Engendering Judaism: An Inclusive Theology and Ethics

By Rachel Adler | Go to book overview
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Epilogue: On Seeds and Ruins

At the beginning of the Talmud is a story about ruins. The story is found in the first chapter of Berakhot, the tractate that heads the first of the Talmud's six orders, Seder Zeraim, the Order of Seeds. This is an odd place to find a story about ruins, because berakhot is to the Talmud what Genesis is to the Bible. Just as Genesis sets forth a cosmos, Tractate Berakhot offers the seeds of a nomos. The seeds that contain the nomos of rabbinic Judaism are the blessings, berakhot. Their theological content and ritual performances generate and propagate rabbinic Judaism's sustaining institutions, the synagogue and the study house. In contrast to the cosmos of Genesis, which is created out of chaos by divine fiat, the rabbinic nomos is evolved, as the metaphor of seed implies. Seeds contain both the past and the future. As legacies from the dead, they reproduce the world. As pledges to the future, they change it. Every seed points to some future seed that will both incorporate it and differ from it.

Ruins attest only to the past. Yet these echoes of the past are resonant with power. That is why the stones of an ancient temple wall can move us to tears. The ruins in this story come from the time when that particular ruin was made -- the bitter and tumultuous years when Rome devastated the land of Israel, beating down one Jewish rebellion after another. In the time of the story's narrator, the ruins are fresh and raw. He is one of the various rabbis named Yose, active during the period between 70 C.E. when the Temple was destroyed and 200 C.E. when the tannaitic period ended. Here is his story:1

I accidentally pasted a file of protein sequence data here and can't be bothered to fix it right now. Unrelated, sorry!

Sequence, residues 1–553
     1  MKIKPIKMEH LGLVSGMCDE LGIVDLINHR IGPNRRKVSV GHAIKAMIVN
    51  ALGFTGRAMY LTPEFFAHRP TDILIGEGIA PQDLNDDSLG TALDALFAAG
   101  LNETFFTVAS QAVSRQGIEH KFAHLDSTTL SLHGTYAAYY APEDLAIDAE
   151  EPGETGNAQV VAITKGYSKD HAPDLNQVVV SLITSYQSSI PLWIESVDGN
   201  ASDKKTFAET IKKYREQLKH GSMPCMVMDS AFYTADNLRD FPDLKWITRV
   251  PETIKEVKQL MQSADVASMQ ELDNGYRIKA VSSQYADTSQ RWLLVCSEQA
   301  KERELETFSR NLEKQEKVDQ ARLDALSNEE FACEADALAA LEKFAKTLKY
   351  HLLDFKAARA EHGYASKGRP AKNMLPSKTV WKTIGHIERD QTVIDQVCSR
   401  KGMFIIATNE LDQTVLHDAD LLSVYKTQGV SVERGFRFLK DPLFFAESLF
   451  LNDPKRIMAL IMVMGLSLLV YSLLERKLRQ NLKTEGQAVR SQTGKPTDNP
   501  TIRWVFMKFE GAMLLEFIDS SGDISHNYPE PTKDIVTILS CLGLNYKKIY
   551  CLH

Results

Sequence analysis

It has been taught: R. Yose said, "One time I was traveling (mehalekh) on the road and I went into a ruin -- one of the ruins of Jerusalem -- to pray. Along came Elijah -- may he be well remembered -- and waited for me in the doorway until I had finished my prayer, he said to me, 'Peace upon you, rabbi!' And I answered, 'Peace upon you my rabbi and my teacher!' And he said to me, 'My son, why did you go into this ruin?''To pray!' I said. And he said to me, 'you should have prayed on the road.''But I was afraid,' said I, 'lest passers-by interrupt me.' And he said to me, 'You should have prayed the short prayer' (tefillah ketzarah). In that moment, I learned three things from him: I learned that one should not go into a ruin, I learned that one may pray on the road, and I learned that one who prays on the road should pray the short prayer.


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Engendering Judaism: An Inclusive Theology and Ethics


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